Are Gilbert & Sullivan Finally Dead?

London, The Arts
The Sorcerer from 'Dick Deadeye'

The Sorcerer from 'Dick Deadeye'

Last night I was at an open-air performance of ‘The Yeomen Of The Guard’ in the moat at the Tower Of London. I thought it might be fun to see a site-specific opera that’s rarely performed now. Opera snobs loathe G&S for its stodginess (and I’ve seen some really bad productions) but the muscular energy of the language still has the power to amaze, and certain songs (closer to traditional folk than operatic arias) can sound astonishing.
The frankly elderly audience would have been hard-pressed to get much pleasure last night as they fought with interruptions from a failing sound system, helicopters, planes, drunken street crowds, traffic, riverside fireworks and a freezing wind. Having seen some startlingly modern, intelligent G&S productions in the past, I wondered – will they only now be seen like this, as tottering historical pageants?
What they desperately need to survive is a theatre director with imagination who doesn’t imagine he’s producing fare for an old folks’ home.

4 comments on “Are Gilbert & Sullivan Finally Dead?”

  1. I.A.M. says:

    Shakespeare is far less frequently presented in a ‘traditional’ way (meaning what was thought c.1830 to be the correct format), what I call “Bell Jar Shakespeare” where nothing is permitted to change from outside influence. Shakespeare, like any decent writer, presents humanity in all its forms, in the truest possible way.

    So… Gilbert & Sullivan is different and must be presented only in late-Victorian settings and designs? Mmmm… erm… no.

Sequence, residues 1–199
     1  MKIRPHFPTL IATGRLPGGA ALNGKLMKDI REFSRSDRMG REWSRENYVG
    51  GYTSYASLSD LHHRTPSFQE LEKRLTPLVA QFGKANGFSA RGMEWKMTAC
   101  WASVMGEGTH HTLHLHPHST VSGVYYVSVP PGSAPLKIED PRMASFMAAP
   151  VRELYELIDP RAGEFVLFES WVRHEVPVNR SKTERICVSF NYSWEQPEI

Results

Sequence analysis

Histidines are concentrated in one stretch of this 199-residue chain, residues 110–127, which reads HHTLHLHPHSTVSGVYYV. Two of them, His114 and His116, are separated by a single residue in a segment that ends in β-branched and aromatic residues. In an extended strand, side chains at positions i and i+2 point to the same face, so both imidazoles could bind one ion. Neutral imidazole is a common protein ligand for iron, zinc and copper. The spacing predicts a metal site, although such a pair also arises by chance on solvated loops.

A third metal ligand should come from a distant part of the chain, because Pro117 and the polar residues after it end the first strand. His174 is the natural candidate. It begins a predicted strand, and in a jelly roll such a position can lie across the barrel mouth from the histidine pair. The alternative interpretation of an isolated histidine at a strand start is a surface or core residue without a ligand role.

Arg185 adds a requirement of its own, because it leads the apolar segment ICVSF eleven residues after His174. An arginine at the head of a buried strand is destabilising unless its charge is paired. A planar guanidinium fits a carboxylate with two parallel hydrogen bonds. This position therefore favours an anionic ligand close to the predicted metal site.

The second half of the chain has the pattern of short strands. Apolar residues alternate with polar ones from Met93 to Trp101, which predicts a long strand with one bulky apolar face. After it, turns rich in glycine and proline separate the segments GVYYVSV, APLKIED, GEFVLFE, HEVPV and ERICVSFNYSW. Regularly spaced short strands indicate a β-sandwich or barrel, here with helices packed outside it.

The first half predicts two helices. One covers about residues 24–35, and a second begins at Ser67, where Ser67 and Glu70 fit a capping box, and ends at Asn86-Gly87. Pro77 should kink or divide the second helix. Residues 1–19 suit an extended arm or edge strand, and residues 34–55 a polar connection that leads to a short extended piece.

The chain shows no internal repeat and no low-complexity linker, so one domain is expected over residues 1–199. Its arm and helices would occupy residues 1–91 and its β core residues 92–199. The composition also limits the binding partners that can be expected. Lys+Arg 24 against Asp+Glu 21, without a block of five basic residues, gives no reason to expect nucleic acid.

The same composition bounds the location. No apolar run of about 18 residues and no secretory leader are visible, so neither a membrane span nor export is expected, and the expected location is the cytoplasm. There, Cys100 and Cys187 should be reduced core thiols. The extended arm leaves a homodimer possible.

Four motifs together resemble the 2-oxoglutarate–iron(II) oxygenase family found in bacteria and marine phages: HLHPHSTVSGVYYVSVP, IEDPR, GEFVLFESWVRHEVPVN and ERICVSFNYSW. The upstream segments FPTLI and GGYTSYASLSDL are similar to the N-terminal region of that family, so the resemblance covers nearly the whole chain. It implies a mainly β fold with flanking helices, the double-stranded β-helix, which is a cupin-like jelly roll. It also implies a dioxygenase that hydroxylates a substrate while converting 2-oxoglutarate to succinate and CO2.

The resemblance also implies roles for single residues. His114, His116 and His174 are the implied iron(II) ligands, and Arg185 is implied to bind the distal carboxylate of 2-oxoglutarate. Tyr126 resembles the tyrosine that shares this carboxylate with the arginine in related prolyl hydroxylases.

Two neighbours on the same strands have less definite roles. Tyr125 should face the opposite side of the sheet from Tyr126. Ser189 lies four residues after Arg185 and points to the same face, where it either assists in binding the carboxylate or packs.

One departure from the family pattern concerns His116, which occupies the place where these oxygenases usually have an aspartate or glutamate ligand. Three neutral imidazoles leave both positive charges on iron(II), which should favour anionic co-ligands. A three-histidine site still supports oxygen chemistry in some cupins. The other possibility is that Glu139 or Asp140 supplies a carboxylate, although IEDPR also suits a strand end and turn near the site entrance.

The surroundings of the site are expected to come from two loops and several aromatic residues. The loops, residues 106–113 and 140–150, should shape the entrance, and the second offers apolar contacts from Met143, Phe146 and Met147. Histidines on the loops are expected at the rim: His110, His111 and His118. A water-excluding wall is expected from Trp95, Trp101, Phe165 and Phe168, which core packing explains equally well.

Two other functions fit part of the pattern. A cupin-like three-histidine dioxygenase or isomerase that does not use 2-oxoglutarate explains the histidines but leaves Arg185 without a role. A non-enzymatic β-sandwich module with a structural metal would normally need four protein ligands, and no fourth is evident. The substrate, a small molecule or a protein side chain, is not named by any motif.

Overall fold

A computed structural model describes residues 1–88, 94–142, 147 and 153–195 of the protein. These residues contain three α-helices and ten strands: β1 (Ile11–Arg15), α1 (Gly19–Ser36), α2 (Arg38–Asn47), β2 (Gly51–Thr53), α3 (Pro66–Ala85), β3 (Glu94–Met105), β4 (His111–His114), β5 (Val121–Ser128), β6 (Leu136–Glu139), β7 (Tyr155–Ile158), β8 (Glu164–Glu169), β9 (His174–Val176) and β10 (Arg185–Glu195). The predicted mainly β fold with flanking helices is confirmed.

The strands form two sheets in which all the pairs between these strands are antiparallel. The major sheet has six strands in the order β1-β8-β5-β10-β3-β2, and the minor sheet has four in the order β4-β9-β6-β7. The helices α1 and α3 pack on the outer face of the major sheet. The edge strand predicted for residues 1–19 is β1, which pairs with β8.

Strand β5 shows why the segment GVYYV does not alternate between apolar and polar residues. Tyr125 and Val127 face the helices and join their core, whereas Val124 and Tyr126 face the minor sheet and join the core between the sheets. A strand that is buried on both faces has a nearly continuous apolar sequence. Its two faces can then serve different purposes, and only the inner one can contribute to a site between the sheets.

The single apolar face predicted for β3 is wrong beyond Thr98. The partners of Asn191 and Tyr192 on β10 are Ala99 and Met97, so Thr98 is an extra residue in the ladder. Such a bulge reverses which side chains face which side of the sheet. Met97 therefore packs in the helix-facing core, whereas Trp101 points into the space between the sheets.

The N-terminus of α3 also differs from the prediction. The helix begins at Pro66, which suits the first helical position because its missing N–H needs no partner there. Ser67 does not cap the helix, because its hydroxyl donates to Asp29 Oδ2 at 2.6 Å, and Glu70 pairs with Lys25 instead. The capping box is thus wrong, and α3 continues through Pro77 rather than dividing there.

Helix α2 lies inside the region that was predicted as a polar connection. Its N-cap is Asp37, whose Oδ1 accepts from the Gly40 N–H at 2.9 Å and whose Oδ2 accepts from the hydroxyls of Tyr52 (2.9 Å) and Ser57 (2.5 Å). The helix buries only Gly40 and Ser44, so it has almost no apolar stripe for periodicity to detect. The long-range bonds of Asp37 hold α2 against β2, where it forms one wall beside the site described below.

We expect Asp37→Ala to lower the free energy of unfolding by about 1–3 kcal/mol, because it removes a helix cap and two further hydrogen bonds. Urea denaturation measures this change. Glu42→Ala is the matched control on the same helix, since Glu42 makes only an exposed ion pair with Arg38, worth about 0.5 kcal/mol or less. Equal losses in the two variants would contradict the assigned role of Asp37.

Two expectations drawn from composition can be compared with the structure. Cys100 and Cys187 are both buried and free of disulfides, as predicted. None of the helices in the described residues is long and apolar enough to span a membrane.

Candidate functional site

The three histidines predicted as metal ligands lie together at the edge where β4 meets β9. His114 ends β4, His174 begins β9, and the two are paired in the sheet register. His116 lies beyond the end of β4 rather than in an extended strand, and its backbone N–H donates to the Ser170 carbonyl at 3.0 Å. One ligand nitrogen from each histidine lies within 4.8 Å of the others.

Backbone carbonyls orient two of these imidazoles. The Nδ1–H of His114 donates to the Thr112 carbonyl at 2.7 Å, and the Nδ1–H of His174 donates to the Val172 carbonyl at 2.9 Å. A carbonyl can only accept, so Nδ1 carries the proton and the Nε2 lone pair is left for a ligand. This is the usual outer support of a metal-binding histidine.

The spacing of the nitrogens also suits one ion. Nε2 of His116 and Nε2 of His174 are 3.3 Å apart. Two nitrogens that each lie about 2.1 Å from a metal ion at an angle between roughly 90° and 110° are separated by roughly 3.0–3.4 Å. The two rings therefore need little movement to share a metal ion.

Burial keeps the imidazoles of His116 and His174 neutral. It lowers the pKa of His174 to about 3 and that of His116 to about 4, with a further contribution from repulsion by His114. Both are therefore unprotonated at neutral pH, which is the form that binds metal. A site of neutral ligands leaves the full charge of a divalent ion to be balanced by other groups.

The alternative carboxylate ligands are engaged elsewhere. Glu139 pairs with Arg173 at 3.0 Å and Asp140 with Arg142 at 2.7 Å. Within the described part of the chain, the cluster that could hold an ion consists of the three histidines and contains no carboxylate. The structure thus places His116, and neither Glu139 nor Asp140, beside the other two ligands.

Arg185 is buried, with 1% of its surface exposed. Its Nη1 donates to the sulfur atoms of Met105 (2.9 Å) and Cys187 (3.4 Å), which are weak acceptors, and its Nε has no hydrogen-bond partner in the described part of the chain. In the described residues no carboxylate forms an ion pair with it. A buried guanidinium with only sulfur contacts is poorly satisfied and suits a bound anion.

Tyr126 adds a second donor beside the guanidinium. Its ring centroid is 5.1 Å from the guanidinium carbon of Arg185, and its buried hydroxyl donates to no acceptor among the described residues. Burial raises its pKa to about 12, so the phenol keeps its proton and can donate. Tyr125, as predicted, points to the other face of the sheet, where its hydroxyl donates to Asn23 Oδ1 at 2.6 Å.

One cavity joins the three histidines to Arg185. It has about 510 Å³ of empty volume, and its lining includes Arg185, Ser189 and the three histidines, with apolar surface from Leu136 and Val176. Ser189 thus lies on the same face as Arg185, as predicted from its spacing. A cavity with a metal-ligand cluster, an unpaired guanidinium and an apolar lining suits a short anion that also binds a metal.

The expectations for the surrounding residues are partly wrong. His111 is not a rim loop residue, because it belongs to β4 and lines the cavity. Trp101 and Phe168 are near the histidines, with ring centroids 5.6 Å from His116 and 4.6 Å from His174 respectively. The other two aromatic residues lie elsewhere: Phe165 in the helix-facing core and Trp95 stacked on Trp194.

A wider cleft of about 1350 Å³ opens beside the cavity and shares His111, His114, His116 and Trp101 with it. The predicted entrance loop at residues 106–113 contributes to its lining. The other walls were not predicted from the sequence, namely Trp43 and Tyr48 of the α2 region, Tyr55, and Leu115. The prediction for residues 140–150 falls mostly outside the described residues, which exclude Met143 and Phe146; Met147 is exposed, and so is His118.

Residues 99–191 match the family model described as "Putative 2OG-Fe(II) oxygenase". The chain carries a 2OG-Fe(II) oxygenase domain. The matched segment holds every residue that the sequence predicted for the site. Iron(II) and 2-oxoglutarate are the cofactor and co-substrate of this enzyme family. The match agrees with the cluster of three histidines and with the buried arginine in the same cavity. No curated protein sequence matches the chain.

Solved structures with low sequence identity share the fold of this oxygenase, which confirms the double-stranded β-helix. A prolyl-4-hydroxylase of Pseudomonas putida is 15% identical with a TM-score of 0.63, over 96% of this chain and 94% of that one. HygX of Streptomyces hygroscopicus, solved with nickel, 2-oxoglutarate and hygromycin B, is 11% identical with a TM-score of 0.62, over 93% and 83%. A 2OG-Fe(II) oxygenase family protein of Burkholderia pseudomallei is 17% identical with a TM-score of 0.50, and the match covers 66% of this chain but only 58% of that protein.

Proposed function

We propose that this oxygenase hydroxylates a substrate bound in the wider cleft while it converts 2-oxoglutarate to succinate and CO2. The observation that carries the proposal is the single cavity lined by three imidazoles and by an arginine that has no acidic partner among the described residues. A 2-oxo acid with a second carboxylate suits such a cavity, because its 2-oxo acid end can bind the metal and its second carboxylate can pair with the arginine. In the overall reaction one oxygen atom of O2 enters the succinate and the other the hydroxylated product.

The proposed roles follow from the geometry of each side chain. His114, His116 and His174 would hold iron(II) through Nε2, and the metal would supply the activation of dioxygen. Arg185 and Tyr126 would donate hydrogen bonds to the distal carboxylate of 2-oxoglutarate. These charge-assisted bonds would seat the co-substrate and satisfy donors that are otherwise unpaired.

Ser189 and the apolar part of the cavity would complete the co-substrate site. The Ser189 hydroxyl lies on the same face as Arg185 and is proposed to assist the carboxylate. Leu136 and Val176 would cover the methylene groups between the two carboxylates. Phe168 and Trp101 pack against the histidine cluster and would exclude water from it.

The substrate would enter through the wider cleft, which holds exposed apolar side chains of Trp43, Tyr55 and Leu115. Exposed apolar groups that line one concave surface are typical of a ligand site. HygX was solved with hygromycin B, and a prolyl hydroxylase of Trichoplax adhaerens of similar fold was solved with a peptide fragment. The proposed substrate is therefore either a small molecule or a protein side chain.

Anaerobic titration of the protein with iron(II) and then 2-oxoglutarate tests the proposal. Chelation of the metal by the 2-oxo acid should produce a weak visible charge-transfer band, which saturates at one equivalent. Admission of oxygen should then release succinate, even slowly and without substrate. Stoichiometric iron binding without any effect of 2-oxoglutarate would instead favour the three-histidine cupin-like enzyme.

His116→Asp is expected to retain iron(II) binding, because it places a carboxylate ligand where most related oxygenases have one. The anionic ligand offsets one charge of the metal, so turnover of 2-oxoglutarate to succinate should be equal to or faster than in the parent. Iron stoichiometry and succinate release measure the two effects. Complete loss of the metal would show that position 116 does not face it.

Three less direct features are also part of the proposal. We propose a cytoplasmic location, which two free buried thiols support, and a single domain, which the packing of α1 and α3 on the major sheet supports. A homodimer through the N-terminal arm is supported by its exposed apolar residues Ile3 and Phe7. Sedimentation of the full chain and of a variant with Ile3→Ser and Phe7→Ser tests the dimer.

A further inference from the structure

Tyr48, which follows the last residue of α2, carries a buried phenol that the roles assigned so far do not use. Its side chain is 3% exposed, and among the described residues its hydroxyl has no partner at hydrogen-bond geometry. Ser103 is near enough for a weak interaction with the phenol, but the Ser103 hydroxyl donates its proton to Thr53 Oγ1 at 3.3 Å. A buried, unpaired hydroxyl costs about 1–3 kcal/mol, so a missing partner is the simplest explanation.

Give it ten years or so, when d’Oyly Carte control is removed from the works and people can do what they will without permission or royalties.

  2. helen Martin says:

    They’re free of copyright now. Consider the canadian versions with current Canadian references.

  3. I.A.M. says:

    Last I heard the music was no longer copyrighted, due to the Gilbert pre-deceasing the Sullivan in 1901. So, because the librettist/writer/director W.S. Gilbert died in 1911 you can sing Mr. Gilbert’s the songs without having to pay the royalties but not perform any of Mr. Sullivan’s script for free until 2012 (just in time for the Summer Olympics!).

    There was some vague suggestion that the D’Oyly Carte Co. was going to renew the rights a third set of 50 years, but that’s insane and probably not legal.

    Man, I’d love to direct a production of something highly political like Iolanthe with the setting up-dated to the time of Thatcher, but with tonnes of comments aimed at the Palace of Westminster and Washington DC!

  4. Well, I suppose the viewpoint in the UK is different from here in the US, the highbrows in the UK do have longer noses to look down at G&S. But the world of topsy turvy is alive and well in the USA as indded it was when Pirates of Penzance was actually written. The Philadelphia Metro area alone has seven perfoming societies who produce a G&S show annually, so when you refer to Yeoman of the Guard as rarely performed well that’s not so on this side of the pond! Over eighty amateur companies are keeping the traditions alive and the professional companies regularly perform one of the Big Three works. Oh Joy, Oh Rapture!

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